which ended only with his death in 1975. Franco was a historic mistake of Spain's. Spain could have made it to the 20th century much earlier. Spain didn't make it to the 20th century - as far as I'm concerned - until, economically, probably until the mid 60s - politically, definitely until 1978 with our constitution.

Just a few years after Franco's death, Spain became a democracy.

It's been a rapid transition. So, on a quiet Sunday morning in the backstreets of Malaga, it's difficult to conjure a vision of Spain at war. Between 1936 and 1939, here and across the country,

it was neighbour against neighbour. No-one disputes that there were atrocities on both sides in the Spanish Civil War, though people will argue about the numbers. In the early months of the conflict, when Republicans were in control here, by one estimate, around 1,000 nationalist sympathisers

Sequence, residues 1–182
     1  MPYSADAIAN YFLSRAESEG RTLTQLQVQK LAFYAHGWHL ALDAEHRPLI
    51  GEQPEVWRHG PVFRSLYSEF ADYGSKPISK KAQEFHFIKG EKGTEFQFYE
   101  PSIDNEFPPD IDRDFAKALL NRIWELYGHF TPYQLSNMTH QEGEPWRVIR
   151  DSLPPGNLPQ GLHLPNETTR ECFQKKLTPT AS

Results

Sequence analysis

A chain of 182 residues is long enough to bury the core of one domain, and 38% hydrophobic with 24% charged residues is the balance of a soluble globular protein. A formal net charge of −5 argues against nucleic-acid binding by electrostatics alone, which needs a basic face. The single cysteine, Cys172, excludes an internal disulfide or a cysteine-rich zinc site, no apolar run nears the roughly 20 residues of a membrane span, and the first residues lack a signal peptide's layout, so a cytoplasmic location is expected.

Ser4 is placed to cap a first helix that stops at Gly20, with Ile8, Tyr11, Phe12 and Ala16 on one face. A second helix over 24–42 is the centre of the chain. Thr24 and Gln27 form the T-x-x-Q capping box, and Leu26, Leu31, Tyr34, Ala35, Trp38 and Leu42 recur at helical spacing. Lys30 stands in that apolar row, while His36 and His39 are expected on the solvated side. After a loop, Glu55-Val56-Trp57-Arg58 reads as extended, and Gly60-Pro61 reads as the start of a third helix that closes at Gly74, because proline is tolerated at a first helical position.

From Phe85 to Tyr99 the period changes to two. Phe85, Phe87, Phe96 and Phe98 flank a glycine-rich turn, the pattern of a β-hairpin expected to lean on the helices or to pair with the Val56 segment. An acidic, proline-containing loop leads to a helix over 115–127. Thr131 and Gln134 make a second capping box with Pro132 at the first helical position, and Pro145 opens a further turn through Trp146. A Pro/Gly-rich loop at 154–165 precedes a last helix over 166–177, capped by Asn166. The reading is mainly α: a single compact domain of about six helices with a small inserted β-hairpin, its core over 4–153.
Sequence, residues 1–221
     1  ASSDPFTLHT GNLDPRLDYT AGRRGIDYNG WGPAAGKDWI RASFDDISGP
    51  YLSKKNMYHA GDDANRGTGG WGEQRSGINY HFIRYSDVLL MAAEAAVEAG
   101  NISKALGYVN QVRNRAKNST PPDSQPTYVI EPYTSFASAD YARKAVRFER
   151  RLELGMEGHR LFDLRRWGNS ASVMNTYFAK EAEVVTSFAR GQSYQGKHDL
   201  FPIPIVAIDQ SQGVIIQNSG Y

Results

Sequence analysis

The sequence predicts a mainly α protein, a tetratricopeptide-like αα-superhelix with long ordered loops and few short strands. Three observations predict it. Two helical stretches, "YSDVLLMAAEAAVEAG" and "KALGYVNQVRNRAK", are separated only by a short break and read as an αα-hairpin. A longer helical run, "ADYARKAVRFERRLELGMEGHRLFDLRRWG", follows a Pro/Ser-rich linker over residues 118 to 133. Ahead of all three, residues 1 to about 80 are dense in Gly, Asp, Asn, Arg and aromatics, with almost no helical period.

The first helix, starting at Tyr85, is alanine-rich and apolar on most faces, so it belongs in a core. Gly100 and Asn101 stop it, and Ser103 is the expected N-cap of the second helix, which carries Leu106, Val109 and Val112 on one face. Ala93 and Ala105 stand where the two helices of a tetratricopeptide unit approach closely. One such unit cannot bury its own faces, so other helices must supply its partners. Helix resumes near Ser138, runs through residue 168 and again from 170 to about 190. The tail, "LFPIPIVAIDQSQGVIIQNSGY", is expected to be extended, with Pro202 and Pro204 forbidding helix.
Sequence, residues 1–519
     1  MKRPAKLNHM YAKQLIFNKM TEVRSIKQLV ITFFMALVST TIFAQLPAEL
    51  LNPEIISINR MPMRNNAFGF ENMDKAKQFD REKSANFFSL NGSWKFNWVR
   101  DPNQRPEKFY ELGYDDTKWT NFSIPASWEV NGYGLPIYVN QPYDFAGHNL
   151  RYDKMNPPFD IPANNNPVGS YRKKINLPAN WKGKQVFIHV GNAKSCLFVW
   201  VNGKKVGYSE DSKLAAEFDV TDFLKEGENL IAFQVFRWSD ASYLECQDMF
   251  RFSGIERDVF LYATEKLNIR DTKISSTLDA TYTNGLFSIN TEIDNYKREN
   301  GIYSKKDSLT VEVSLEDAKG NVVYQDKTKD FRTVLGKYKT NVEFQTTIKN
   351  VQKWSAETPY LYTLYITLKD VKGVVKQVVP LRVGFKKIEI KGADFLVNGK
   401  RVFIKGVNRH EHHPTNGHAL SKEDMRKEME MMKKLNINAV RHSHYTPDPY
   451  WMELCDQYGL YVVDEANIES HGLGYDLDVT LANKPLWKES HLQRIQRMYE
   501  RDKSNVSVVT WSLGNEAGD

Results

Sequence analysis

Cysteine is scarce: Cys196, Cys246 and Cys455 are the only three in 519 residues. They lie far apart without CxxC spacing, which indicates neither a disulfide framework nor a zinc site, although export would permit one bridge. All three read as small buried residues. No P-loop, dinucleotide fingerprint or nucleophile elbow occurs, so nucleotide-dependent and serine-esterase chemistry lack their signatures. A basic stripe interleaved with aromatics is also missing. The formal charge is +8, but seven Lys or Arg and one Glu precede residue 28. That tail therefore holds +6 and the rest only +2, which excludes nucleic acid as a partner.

were executed. So, when the Nationalists won Malaga in 1937, reprisals quickly followed.

In Malaga, many accused of Republican sympathies were brought here to the San Raphael cemetery, then lined up against this wall and shot. Among them, Francisco Espinosa's Republican father. In all, about 3,600 were killed here and dumped in a mass grave. Not all at once - the process took months. It was systematic and calculated. As Francisco Espinosa explains,

Republicans on the left of politics had earlier shot nationalists from the right on this same spot.

So, in part, this is about honouring the dead from the losing side -

long after the winners have had their day. But it's also political